The legendary reggae rhythm duo of Sly and Robbie are once more on duty here and again you can tell. The music is outstanding. The cover was an iconic Grace Jones image too. My Jamaican Guy is a typically staccato, jerky serving of rhythm topped off with an also by now familiar detached and slightly menacing-sounding vocal from Jones. She did this sort of thing so well. Even better is the mesmerising and intoxicatingly rhythmic Nipple To The Bottle, which drips with female power and also has some great keyboard licks and rubbery bass lines. I love this - it cooks to a healthy bubbling point. Just as good is the über cool groove of The Apple Stretching, which is a kind of love song to the city of New York. Once again, the instrumentation on this is superb. Grab a load of those keyboards and drums. Jones’s semi-spoken vocal and descriptions of urban life are also captivating, as is the sleepily melodious chorus.
The original “side two” is composed of four slightly shorter tracks, beginning with the more upbeat, poppier vibe of Everybody Hold Still, which has a big Talking Heads-style sound to it. Cry Now - Laugh Later also reminds me of the Heads in its chugging funky beat. I have to repeat myself when I praise its boiling hot temperature. The same warm but vaguely distant late night feeling can be found on Inspiration, which has a guitar sound that brings to mind Dire Straits’ more laid-back material. Listen to those keyboard swirls and little guitar bits - an aural treat. Lovers of basslines will love the warm offering on the final track, Unlimited Capacity For Love, which is another laconically-delivered groove. This was surely an influence on Talking Heads’ Speaking In Tongues from the following year. Anyway, it’s time to leave the wine bar, jump in a taxi and glide through the wet, dark city streets with this playing.
Slave To The Rhythm (1985)
The music is ok, but, in my view, is nowhere near up to the standard of either Nightclubbing or the most underrated Living My Life. While there are definitely some good moments the overall feel is of an album which is a long way up itself. The album displays the artist's aggressive vanity to its full 1985 extent. It suits the era so much. Everyone was urged to love themselves and show themselves off and Jones devotes the whole album to talking about herself or having other people talk about her. It is like an aural catwalk.
Jones The Rhythm is a frantic opener, with hints of David Bowie's Scary Monsters in its "hoo-hah" backing vocals. It also has some sweeping, madcap string arrangements. The semi-instrumental The Fashion Show has a nice deep bass line and a seductive slow groove to it. It is one of the album's best tracks. It has that typically cool, detached vibe to it that I so love about Jones's often mysterious and beguiling music. I like the "keep it up, keep it up" backing vocals (which appear on other occasions throughout the album) and also the fuzzy guitar part mid-song. The Frog And The Princess has a nice bassy backing groove but is slightly blighted by a spoken vocal in praise of Jones and her singing at a gay club, looking like a man and singing to a bunch of men. Oh look, it is ok and has a certain atmosphere but it is certainly not essential listening. The backing and the vocal reminds me of Talking Heads' Seen And Not Seen. Despite researching it, I cannot find out who does the vocals. The less said about the waste of time that is Operattack the better. It is a cacophonous serving of drivel. Thankfully it lasts less than three minutes, although that is too many. The next track causes some confusion, because although it is titled Slave To The Rhythm, it is not the track that everyone knows by that title (that comes later under another title, oddly). Anyway, this track is chunky and staccato and reminds me a bit of Bad from Big Audio Dynamite's 1985 debut album.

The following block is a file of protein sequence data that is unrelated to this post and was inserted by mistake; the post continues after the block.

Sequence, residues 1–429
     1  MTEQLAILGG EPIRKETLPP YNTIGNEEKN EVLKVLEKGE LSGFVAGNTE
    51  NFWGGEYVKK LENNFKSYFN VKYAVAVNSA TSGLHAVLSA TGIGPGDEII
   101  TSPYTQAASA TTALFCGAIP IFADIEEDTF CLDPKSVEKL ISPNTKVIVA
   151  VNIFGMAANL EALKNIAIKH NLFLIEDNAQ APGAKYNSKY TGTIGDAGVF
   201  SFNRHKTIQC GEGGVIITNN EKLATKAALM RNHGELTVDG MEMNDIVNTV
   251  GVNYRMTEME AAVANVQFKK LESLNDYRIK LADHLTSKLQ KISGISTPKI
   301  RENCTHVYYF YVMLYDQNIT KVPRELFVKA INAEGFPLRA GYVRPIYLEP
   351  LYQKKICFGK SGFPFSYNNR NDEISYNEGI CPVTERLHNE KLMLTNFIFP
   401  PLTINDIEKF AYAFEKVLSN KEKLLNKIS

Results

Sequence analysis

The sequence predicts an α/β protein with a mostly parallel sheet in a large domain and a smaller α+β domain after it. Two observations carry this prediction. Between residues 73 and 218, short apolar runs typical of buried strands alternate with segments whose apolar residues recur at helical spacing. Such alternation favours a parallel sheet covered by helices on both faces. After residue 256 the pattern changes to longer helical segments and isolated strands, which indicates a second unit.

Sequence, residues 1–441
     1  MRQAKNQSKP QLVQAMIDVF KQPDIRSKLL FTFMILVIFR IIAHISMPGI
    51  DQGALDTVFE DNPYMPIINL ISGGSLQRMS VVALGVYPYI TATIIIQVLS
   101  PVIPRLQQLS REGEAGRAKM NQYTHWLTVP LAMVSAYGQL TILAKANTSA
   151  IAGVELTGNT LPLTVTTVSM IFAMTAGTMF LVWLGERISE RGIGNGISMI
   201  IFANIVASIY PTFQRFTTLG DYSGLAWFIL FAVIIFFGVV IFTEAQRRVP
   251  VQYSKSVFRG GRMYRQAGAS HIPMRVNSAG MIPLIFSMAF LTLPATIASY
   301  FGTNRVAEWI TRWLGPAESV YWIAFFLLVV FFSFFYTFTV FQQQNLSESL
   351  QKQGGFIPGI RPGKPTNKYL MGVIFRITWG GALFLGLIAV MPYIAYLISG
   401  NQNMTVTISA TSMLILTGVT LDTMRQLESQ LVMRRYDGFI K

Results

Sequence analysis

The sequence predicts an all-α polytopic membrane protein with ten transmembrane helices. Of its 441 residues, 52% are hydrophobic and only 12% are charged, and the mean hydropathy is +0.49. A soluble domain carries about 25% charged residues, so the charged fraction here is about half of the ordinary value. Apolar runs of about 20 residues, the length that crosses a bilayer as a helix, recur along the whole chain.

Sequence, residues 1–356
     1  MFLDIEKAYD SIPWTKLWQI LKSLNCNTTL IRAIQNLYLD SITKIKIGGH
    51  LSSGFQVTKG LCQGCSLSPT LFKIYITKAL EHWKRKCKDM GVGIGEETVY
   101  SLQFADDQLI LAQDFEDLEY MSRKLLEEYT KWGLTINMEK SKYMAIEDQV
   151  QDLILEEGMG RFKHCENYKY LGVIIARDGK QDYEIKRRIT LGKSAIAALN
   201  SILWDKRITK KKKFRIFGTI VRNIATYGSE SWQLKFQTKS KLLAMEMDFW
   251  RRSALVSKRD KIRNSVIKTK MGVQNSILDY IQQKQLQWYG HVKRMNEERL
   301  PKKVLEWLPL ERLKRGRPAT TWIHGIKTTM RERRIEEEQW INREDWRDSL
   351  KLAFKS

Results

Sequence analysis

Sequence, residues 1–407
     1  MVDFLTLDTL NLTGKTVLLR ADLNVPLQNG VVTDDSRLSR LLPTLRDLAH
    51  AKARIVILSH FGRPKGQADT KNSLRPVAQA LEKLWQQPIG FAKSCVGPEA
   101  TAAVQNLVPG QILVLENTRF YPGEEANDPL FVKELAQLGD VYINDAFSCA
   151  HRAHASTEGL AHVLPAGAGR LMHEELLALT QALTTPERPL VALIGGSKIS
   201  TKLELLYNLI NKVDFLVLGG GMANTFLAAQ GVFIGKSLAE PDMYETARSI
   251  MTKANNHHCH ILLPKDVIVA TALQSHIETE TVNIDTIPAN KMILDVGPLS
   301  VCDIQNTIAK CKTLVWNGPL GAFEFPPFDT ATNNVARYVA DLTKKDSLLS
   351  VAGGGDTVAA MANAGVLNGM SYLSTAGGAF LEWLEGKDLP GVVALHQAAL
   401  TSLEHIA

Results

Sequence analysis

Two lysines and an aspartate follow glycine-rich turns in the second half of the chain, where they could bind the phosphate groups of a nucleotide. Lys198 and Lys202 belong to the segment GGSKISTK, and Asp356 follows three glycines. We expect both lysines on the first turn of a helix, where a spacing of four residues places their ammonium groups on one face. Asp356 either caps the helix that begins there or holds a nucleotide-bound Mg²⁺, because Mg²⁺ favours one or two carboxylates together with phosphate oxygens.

The Crossing (Ooh The Action) begins with Grace telling us that she spent her youth "floating in a cloud" before we get a rather infectious piece of world music-esque ambient rhythm that backs a repeated spoken vocal "Jones - Miss Grace Jones". We get it - her name is Grace Jones. Although I like the music, I have to say it gets nowhere. Don't Cry - It's Only The Rhythm is a comparatively shorter piece of drum and keyboards instrumental before we get the song that most people know as Slave To The Rhythm, only it is titled Ladies And Gentlemen - Miss Grace Jones. Whatever, it still stands as one of her most iconic and catchy numbers. The percussion is excellent and Jones's vocal is delightfully sonorous and menacingly sexy. I liked it back then and I still do. As I said, this was an indulgent, often incoherent album redeemed by some occasional bits of quality. Contrary to the opinions of many, this was not the best of Grace Jones.